Department   Undergraduate School  , School of Science and Technology
   Position   Professor
Language Japanese
Publication Date 2017/02
Type Academic Journal
Peer Review Peer reviewed
Title Functional brain imaging to assess the efficacy of manipulative therapy on pain relief
Contribution Type Co-authored (other than first author)
Journal Transactions of Japanese Society for Medical and Biological Engineering
Journal TypeJapan
Publisher Japanese Society for Medical and Biological Engineering
Volume, Issue, Page 55(1),pp.1-8
Total page number null
Author and coauthor Yasuhiro Matsuda, Tatsuya Suzuki, Minoru Onozuka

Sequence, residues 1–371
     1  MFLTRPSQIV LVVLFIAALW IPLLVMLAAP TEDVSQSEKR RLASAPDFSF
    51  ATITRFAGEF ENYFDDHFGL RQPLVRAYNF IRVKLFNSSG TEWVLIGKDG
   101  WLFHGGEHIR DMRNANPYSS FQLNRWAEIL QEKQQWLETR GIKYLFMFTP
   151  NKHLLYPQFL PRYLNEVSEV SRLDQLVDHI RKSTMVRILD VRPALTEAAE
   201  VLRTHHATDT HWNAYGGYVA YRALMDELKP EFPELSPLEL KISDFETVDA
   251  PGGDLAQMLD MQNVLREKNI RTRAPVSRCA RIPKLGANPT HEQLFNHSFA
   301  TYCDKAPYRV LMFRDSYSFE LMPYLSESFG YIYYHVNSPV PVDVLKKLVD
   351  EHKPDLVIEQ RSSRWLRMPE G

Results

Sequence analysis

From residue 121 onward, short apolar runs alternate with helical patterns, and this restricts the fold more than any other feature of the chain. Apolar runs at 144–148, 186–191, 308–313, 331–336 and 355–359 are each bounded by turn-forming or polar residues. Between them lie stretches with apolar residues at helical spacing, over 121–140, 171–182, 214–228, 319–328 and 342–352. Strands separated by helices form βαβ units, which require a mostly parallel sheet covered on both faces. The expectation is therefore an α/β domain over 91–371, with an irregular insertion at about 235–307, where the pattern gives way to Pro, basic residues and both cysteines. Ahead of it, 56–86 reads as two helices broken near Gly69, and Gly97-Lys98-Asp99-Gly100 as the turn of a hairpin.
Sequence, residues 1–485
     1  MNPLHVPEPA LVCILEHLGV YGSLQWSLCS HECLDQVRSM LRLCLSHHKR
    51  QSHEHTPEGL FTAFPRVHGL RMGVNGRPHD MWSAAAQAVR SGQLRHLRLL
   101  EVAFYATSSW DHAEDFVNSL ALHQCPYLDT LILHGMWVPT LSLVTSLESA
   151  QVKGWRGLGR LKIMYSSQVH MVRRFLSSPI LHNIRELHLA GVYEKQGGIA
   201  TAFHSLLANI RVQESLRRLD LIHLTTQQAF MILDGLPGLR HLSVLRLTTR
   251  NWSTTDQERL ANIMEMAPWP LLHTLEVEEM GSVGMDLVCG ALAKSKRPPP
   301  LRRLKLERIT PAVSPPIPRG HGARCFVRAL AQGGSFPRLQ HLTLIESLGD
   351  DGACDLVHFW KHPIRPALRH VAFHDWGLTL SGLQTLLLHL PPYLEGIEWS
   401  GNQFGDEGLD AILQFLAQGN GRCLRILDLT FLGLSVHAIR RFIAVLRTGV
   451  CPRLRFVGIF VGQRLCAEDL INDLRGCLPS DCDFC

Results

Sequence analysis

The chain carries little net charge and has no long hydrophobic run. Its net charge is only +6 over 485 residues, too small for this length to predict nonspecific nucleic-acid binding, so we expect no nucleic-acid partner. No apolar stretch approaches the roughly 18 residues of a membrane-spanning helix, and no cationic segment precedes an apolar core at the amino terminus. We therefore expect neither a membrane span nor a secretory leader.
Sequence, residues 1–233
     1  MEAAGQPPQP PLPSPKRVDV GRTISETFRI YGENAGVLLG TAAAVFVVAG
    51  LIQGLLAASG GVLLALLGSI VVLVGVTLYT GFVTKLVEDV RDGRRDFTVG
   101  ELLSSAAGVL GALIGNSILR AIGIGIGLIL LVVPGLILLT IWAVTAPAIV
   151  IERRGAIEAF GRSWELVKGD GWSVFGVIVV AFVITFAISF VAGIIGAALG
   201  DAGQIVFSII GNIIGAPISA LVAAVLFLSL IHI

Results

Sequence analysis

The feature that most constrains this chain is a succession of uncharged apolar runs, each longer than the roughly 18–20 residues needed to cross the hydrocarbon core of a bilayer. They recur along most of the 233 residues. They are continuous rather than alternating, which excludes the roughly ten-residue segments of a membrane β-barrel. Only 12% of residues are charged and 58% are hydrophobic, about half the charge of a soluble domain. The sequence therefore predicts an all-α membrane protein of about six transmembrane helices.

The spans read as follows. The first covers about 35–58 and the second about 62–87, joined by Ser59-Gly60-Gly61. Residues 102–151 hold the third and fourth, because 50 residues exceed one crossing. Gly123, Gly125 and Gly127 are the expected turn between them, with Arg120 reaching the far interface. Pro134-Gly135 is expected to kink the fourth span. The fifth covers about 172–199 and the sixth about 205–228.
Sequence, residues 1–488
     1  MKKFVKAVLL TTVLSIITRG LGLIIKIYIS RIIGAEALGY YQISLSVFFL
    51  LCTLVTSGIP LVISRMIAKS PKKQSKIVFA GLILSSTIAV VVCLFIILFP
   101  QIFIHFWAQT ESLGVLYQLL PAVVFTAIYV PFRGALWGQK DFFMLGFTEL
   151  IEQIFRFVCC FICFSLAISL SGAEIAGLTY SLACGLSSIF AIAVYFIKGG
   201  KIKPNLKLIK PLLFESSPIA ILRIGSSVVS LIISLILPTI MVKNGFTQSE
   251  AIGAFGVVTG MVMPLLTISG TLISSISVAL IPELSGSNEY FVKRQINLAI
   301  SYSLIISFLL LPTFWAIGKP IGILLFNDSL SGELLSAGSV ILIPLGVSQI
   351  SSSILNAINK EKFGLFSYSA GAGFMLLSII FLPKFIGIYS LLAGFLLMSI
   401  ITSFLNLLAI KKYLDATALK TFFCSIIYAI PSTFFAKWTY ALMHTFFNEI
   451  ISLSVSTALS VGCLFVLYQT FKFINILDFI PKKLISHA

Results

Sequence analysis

Details Manipulative therapy refers to a manual physical therapy approach by a Judo therapist to treat muscle or joint injuries. An evaluation of manipulative therapy outcome in patients typically involves an assessment of the range of motion of the target joint and subjective pain relief, as determined through an interview or using the visual analog scale (VAS). However, this approach for pain relief assessment has the limitation of being less objective and is problematic if the patient has difficulty communicating with the therapist. To address this concern, here we used functional near-infrared spectroscopy (fNIRS) analysis of prefrontal activity to evaluate changes in pain intensity before and after manipulative therapy. Participants were placed on a treatment table in a supine position with their knees kept straight, and fNIRS probes were attached to their bilateral prefrontal area, which is where the pain-induced cognitive response occurs. The participant's right leg was kept straight and inflected to the trunk to the extent that participants experienced a maximum pain level. At this time, the maximum hip joint flexion angle and a VAS score were determined as a pre-therapy baseline response. Participants received manipulative therapy for 5 minutes and then their right leg was inflected again to the same hip joint angle that was assessed at baseline to obtain a VAS score (post-therapy 1). The participant's right leg was then further inflected to the extent that participants experienced a maximum pain level, and then their maximum hip joint angle and VAS score were determined again (post-therapy 2). Both the VAS score and the prefrontal hemodynamic activity showed a significant decrease after the manipulative therapy (baseline vs. post-therapy 1), suggesting that the therapy increased the range of joint motion, and that the participants experienced less pain at the same joint angle. The maximum flection of the right leg significantly increased the maximum hip joint flexion angle (baseline vs. post-therapy 2). These results suggest that prefrontal hemodynamic activity can be used to objectively measure pain intensity, which may be applicable to quantitatively evaluate the effect of manipulative therapy.